This article was originally published by Martin Banks on Clean Fleet Report, a publication that gives its readers the information they need to move to cars and trucks with best fuel economy, including electric cars, fuel cells, plug-in hybrids, hybrids and advanced diesel and gasoline engines.
Affordable cars that move the green needle
Price is one of the most significant roadblocks to clean transportation. Tesla, arguably the most iconic electric automaker right now, recently raised the price of several models in the U.S. While new EVs come out all the time, many of them aren’t cheap.
Despite these trends, there are still affordable clean cars on the market today. The most famous examples may be expensive, but not everything is. Here are five budget options for sustainable transportation (with links to further Clean Fleet Report tests and news).
1. Mini Cooper SE
The 2020 Mini Cooper SE is the cheapest electric car available in the US right now. It comes in at an MSRP of $29,900, and that’s before the $7,500 federal EV tax credit. When that’s applied, buyers can get this car for less than $23,000. There are a variety of state and local incentives that can reduce that price even further.
Keep in mind that the Cooper SE has a relatively short range of 110 miles. If you don’t need to drive long distances, though, this remarkably affordable option could be ideal.
2. Nissan Leaf
When most people think of electric cars, Tesla is probably the first name to come to mind. While the Tesla Model 3 became the best-selling EV in 2020, the Nissan Leaf held that distinction for years. That should come as no surprise, either, given the Leaf’s low price tag of $31,600.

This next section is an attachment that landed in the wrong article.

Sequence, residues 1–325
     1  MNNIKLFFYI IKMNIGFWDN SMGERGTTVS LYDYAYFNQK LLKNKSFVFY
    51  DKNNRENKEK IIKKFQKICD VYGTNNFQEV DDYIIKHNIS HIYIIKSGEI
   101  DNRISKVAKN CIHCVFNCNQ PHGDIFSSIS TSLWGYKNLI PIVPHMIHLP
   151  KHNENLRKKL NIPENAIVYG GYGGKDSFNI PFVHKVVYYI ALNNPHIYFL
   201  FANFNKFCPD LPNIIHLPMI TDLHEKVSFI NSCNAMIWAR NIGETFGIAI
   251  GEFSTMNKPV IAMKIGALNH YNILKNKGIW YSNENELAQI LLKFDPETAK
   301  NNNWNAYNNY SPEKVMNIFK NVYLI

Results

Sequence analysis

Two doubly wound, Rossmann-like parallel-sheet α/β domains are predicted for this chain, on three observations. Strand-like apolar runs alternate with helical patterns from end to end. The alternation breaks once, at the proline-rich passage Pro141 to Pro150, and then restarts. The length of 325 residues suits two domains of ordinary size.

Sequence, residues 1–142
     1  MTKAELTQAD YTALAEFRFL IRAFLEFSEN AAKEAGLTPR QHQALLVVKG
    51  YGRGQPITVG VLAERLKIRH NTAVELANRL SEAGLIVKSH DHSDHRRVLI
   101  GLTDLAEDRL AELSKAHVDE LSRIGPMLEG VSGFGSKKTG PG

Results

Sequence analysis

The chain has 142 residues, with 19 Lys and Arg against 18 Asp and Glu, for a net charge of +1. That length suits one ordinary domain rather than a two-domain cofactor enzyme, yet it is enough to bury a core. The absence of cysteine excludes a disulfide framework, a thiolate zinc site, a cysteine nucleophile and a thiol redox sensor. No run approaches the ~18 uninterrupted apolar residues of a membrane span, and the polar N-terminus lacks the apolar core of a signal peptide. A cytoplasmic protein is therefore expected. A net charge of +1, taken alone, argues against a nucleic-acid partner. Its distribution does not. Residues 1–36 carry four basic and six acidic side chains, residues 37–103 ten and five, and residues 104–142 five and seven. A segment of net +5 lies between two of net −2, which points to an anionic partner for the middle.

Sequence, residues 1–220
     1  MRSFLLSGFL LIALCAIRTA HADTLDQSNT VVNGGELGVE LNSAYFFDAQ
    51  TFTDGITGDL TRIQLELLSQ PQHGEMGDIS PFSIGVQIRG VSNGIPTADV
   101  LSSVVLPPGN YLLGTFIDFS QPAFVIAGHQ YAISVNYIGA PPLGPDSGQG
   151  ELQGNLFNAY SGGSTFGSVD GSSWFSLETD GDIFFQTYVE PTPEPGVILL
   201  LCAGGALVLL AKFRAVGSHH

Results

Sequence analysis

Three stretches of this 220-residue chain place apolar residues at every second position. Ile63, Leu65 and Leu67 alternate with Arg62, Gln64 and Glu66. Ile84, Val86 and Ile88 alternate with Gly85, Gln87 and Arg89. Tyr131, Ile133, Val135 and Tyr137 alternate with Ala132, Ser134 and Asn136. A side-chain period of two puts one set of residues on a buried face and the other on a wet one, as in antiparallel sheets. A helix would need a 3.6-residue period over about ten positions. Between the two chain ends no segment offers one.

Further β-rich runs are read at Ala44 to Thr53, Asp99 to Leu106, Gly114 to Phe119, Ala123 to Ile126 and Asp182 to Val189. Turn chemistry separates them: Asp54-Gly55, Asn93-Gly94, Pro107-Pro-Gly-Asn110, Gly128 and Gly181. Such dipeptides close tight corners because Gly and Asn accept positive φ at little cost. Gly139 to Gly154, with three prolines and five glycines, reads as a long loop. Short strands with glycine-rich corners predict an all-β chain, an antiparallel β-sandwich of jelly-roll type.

The Leaf has a range of 149 miles, but the $38,200 Leaf Plus can go for 226. While the Leaf Plus isn’t exactly cheap, the EV tax credit and other incentives can make it even more affordable.
3. Hyundai Ioniq Electric
The Hyundai Ioniq Electric is only available in some states, but it offers a lot for your money. The $33,045 hatchback includes features like Bluetooth, heated seats and an 8.0-inch touch screen as standard. It also has a 170-mile range, one of the longest of similarly priced all-electric cars.
Like the Leaf, the Ioniq Electric has a pricier model that comes in at $38,615 before the tax credit. This model has the same range and power but comes with more features.
Hybrid cars are often more affordable than fully electric options, so you may want to consider one of these. They might also be easier to find, as virtually every major automaker produces at least one hybrid or plug-in hybrid model. If buyers can’t get their hands on a full-electric car, these are accessible, affordable alternatives.
Keep in mind, though, that hybrids may not be as green as they seem. The average hybrid car can emit around 28 tons of CO2 over its lifetime. That’s far less than gas and diesel vehicles, but still a considerable amount of emissions.
Even the cheapest cars can still be pricey. Thankfully, buyers can get green transportation for less money than even a gas-powered vehicle. Electric bikes also produce no tailpipe emissions (since they have no tailpipe) and cost far less than any car.
Some electric bikes can go for more than 100 miles without pedaling. While they’re not as speedy as cars, they may go faster than you think, often reaching speeds of 20 mph or higher.
Sustainability can be affordable
The idea that green technologies are inherently expensive is somewhat of a misconception. As this list shows, even electric cars can be affordable. There are also even cheaper sustainable alternatives available.
Eco-conscious consumers don’t have to wait for green transportation to become cheaper. It’s already surprisingly affordable.
Do EVs excite your electrons? Do ebikes get your wheels spinning? Do self-driving cars get you all charged up?
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